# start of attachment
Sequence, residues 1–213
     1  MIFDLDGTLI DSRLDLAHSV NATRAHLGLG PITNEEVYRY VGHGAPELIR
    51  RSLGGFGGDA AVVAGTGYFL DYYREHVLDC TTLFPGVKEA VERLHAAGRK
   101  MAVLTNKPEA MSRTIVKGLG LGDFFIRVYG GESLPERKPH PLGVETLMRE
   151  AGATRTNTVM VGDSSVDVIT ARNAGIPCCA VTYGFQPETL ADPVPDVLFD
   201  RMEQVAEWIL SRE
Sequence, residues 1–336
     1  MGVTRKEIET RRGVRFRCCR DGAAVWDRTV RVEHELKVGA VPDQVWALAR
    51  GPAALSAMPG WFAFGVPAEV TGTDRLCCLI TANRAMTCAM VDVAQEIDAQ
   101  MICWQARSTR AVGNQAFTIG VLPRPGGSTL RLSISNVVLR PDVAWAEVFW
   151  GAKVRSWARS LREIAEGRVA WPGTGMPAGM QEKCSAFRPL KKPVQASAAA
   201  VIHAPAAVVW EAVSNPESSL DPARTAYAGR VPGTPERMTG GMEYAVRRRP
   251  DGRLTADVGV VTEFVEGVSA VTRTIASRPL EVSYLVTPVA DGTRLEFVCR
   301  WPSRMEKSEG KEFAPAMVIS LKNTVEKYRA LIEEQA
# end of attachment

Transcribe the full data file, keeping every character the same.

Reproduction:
Sequence, residues 1–213
     1  MIFDLDGTLI DSRLDLAHSV NATRAHLGLG PITNEEVYRY VGHGAPELIR
    51  RSLGGFGGDA AVVAGTGYFL DYYREHVLDC TTLFPGVKEA VERLHAAGRK
   101  MAVLTNKPEA MSRTIVKGLG LGDFFIRVYG GESLPERKPH PLGVETLMRE
   151  AGATRTNTVM VGDSSVDVIT ARNAGIPCCA VTYGFQPETL ADPVPDVLFD
   201  RMEQVAEWIL SRE
Sequence, residues 1–336
     1  MGVTRKEIET RRGVRFRCCR DGAAVWDRTV RVEHELKVGA VPDQVWALAR
    51  GPAALSAMPG WFAFGVPAEV TGTDRLCCLI TANRAMTCAM VDVAQEIDAQ
   101  MICWQARSTR AVGNQAFTIG VLPRPGGSTL RLSISNVVLR PDVAWAEVFW
   151  GAKVRSWARS LREIAEGRVA WPGTGMPAGM QEKCSAFRPL KKPVQASAAA
   201  VIHAPAAVVW EAVSNPESSL DPARTAYAGR VPGTPERMTG GMEYAVRRRP
   251  DGRLTADVGV VTEFVEGVSA VTRTIASRPL EVSYLVTPVA DGTRLEFVCR
   301  WPSRMEKSEG KEFAPAMVIS LKNTVEKYRA LIEEQA